Just below the summit of Chersky Peak lies a picturesque Heart Lake with emerald water. There is a very interesting combination of Siberian taiga, meadows and snowfields, which together with the mirror-like smoothness of the lake create a unique landscape.
The lakes in the Khamar-Daban Range are mostly of glacial origin. Most of the lakes are located in the central part of the range in the upper reaches of the Khara-Murino, Snezhnaya and Utulik rivers. Glacial water in the lakes has a very low temperature and milky grey, sometimes emerald colour, depending on the admixture of glacial silt.
Apart from the lakes, the Khamar-Daban Range features many unexplored caves.
Mamay Mountain is actually a chain of several snow 'caps' of the Khamar-Daban mountain range which extends along the southern shore of Lake Baikal. It is a popular tourist and freerider attraction located on the western border of the Baikal Nature Reserve. The soft thick snow covers the slopes as early as October and only begins to melt in early summer. For more than 5 months, from November to April, thousands of people from all over Russia come here to ski and snowboard in perfect powder conditions.
Mamay covers the entire mountain region with the valleys of the Big, Little and Left Mamay Rivers. It is not far from the village of Vydrino. The distance from the southern shore of Lake Baikal is 10 km, from Vydrino - 19.4 km. The name has no relation to Mamay Khan who never came to the area. It is likely that the etymology is related to the Evenk word "moma", which translates as "wooded place".
The highest peak in the Mamay is 1,540.9m. More modest peaks - Mamay North, Mamay West, Mamay East and Mamay South - are situated next to each other along the river valley. Farther west are the peaks of Razdolniy Golts and Kedrovy Pupyr. Along the northern bank of the Big Mamay River rise the mountain peaks of Uzel, Forest (aka Meat) Pupyr, Little Mamay, Watchtower, Dvukhglavaya and Grebnevaya.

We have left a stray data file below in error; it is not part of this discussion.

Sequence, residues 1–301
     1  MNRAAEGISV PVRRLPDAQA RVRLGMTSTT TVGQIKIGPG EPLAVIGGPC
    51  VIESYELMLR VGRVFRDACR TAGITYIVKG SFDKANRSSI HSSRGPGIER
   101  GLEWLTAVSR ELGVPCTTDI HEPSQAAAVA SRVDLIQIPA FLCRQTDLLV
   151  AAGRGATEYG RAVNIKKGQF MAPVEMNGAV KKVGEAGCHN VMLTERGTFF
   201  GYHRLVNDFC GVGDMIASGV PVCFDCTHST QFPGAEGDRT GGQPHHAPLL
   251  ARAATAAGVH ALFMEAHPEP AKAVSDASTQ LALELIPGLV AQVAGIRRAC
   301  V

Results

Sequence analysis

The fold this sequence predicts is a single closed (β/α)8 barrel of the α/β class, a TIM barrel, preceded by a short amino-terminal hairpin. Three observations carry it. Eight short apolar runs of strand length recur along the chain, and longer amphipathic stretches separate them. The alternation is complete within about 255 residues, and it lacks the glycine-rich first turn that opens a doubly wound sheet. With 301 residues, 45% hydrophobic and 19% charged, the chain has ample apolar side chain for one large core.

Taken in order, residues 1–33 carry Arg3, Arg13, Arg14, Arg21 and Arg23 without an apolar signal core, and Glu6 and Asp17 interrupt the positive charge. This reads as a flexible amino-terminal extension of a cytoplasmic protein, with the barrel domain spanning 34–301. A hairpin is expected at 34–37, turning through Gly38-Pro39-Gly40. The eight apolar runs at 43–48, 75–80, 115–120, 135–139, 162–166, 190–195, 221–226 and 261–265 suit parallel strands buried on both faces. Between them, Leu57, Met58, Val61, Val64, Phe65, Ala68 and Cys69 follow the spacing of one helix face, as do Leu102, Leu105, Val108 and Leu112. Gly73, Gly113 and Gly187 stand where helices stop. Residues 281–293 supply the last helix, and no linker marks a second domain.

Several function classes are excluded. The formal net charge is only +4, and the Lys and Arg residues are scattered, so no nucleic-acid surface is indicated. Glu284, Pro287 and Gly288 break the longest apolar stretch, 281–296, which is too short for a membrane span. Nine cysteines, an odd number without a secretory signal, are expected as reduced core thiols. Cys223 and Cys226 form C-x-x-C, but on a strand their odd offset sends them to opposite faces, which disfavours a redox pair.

Mamai is a wild mountain with no ski lifts or other climbing facilities. You can only walk from the foot to the pass, or ski there or go by snowmobile. Pioneers have to hike through the untraversed snow to reach the pass.
The off-road vehicle can only drive from the trailhead to the beginning of the ascent, from where another 8 km remains to the Mamay Mountain area itself. This distance is to be covered by a forest road which begins at the signpost 193 km and goes up through the Big Mamay River. You don't need to cross the river: you should go along the riverbed up to the box van (kung). From here start all the uphill routes.
Sleeping Lion Mountain is one of the most popular tourist spots in Buryatia. Despite it being located 40 km from Ulan-Ude, newlyweds eagerly come here for wedding photo sessions. Most of Buryatia's tourist itineraries necessarily include a trip to the mountain, and almost every local has panoramas of the views from the mountain's surface.
The mountain belongs to the Omulev Ridge, it sits on the right bank of the Selenga River, thus there is another name for the hill - Omulyovka, or Omulyovaya Sopka. According to one of the versions, this name appeared due to the fact that earlier a lot of Baikal cisco called omul locally which used to go to spawn on the Selenga, and fishermen climbed the mountain to see where the river was teeming with fish to set the fishing nets.
The second name, the Sleeping Lion, comes from the shape of the peak. It looks like a lion’s head with small shrubs on the top that form kind of a mane and front paws made of stones cascading to the river. The road leading to the top reminds of a tail.
The Sleeping Lion is a sacred place for shamanists and Buddhists. At the top of the mountain there are two large bowl-shaped depressions that are shrouded in legends. One legend has it that the bowls were formed by lightning. One of the depressions is called a bowl of water, the second is a bowl of fire. If a coin is thrown into the former, life will be peaceful and orderly, whereas a coin thrown into the latter bowl would make your life very eventful.
Another version is that the holes in the rock were man-made. Long ago, these openings served as a site for signal fires, which local Merkit tribes used to inform each other of an approaching enemy. The fires were kindled by day or by night, and the colour of the flames or columns of smoke varied depending on the added mixtures. Herbs and dung from various animals were used for this purpose.
The climb is not too difficult, but comfortable shoes will still come in handy. A long path leads from the gate to the top of the mountain. At the top, before climbing to the lion's head, there is a wide flat area. From here one can enjoy wonderful views of Bukh-Baatori Rock and the majestic Selenga.